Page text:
Many cultures around the world equate sunflowers with happiness and harvest. They have been used as a crop for thousands of years, having first been domesticated in parts of Northern America by Native Americans.
With growing concerns over the Climate Crisis and food security, much research has been undertaken on crops to increase their yield, reduce emissions, and protect the viability of fertile land. Research related to sunflowers is having real-world impacts, including the creation of biofuels and eco-products using previously discarded harvest waste, and uses in pharmaceutical development.
“I’m excited that people are finally letting us remind them that plants exist and that they are here for a reason,” says Professor Joanne Chory, plant geneticist at the Plant Biology Group of the Salk Institute and Howard Hughes Medical Institute Investigator. Professor Chory is leading a new wave of carbon-sequestering science and I had the pleasure of discussing the research journey that took her from sunlight to soil.
Humans are inquisitive creatures. We like to know what other creatures are up to when we’re not watching. Whether it’s through body temperature, blood chemistry, respiration, or even just movement, the miniaturisation of biologging technology allows us to track and monitor the lives of wild animals, both inside and out. But what can these insights tell us about how animals interact with each other and their environment, especially in the face of a changing climate? Let’s find out.
History is full of women who made enormous contributions to science. This has led to the increased recognition of pioneers of science, including Marie Curie, Ada Lovelace, and Rosalind Franklin. However, there are many more amazing women who have changed the face of science who are not such household names, dating back from ancient history all the way to present times. Here we explore the lives of just three of the women who have changed the face of biology.
The SEB, by its very nature, is experimental. So, when the time came to organise the 2021 SEB Annual Conference as a completely online event for the first time ever, experimenting was the only way forward. I spoke with members of the SEB team to discuss their first purely virtual conference and to weigh up the successes, challenges, and lessons from this year’s online SEB Annual Conference.
The 2022 SEB Annual Conference in Montpellier is now only a few months away and we are very excited at the prospect of returning to the format of a physical meeting. Plant sessions this year span the scales of biology!
The SEB is a proudly international society, welcoming scientists from many different countries, cultures, and life histories. We speak with Paul Bangura, a PhD student at the University of Helsinki, Finland, as he shares his harrowing journey from abducted child soldier to fisheries biologist.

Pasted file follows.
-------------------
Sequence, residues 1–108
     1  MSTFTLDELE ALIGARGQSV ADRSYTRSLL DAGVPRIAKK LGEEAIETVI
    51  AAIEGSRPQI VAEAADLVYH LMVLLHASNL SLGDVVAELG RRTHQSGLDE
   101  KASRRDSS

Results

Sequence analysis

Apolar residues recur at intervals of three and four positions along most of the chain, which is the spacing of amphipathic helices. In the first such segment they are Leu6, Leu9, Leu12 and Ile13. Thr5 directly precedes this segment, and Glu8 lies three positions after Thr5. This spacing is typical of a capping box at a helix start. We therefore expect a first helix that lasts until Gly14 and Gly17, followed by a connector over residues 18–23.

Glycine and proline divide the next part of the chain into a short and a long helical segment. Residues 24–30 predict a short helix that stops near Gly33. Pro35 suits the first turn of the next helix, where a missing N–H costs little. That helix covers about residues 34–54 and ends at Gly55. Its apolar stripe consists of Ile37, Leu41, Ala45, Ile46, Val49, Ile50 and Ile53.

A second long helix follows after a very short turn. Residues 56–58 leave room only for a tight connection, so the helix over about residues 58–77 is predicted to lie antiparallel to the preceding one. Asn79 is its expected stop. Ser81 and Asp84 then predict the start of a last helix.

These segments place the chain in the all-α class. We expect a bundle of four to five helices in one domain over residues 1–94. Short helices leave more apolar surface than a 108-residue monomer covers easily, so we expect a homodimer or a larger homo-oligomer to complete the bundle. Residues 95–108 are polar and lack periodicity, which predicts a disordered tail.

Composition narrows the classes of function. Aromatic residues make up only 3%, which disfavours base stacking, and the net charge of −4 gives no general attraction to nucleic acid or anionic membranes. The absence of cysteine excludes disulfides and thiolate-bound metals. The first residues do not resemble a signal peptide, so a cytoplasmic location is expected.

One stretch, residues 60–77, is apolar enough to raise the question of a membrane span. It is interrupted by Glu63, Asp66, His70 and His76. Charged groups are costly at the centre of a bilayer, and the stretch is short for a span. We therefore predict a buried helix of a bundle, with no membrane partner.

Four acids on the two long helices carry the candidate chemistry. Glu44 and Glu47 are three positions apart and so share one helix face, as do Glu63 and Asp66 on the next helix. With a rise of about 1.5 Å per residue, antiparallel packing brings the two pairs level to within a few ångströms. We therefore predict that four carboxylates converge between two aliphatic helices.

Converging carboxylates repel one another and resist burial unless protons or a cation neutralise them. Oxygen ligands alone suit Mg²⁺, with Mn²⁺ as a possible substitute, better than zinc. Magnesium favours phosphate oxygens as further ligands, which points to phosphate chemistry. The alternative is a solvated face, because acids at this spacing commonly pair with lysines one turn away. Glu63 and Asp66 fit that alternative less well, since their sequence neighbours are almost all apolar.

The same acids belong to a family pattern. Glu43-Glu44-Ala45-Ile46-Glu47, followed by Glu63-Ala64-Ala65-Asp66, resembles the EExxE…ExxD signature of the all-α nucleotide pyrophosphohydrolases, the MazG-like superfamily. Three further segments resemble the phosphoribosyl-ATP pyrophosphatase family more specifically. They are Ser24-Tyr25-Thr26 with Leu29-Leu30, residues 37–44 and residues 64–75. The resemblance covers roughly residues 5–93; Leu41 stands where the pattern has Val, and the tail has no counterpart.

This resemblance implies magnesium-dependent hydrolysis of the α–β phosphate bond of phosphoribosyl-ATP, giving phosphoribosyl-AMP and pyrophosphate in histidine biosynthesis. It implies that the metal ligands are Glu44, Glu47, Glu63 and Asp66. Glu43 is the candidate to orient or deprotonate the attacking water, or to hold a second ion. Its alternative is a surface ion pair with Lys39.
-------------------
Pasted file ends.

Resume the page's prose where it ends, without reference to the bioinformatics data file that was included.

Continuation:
Much has been written about preprints over the last few years, about their place in open science and their increasing role in science communication. Behind many preprints there are early-career researchers seeking to share their work with their community. Why are early-career researchers embracing preprints?
The Young Scientist Award Session (YSAS) is held each year at the SEB Conference. Each year, SEB invites its early career delegates to submit their abstract to the YSAS session during the SEB Conference, to compete for The Young Scientist Award Session (YSAS).
Climate change may be the biggest global challenge we currently face, but some of the most exciting solutions could come from working at the smallest scales of life. Caroline Wood takes a look at some of the new developments in cell science that could help us to slash our carbon emissions and achieve net zero.
Alex Evans caught up with early career researcher and proud SEB member Dr Leena Thorat to discuss her work on the stress tolerance of insects, as well as how she tolerates the stressors of her own active research career.
‘Think unthinkable’: Hiroshi Wada’s personal motto seems highly appropriate for a plant physiologist who dedicated his career to realising the ambition a university lecturer shared with him during his undergraduate days.
At the start of 2020, few people had heard of COVID-19, and fewer still could imagine the world would be facing its most recent global pandemic. As the virus continued to spread, human activity slowed to reduce transmission, making way for the so-called Anthropause. This period presented a unique opportunity to not only understand how humans had affected the environment and its inhabitants, but to also give it some time to recover from previous anthropogenic impacts (e.g. lower carbon emissions).
An online event initiated by a dedicated group has taken Twitter by storm, forming a new community of Black botanists all over the world. In this article, we talk with two of its founding members: Dr Tanisha Williams and Professor Nokwanda (Nox) Makunga.
Emerging infectious diseases have certainly been making headlines in recent years but they are far from a rare occurrence in the animal kingdom. There are countless animal species currently at threat of local and global extinction due to the rapid spread of harmful parasites and virulent pathogens, many of which can be traced back to humanity’s actions. To even the odds, researchers around the world are working hard to further our understanding of these diseases and develop applications for practical epidemiology. From fungal syndromes to viral genomes, let us take a careful peek into the world of emerging infectious disease research.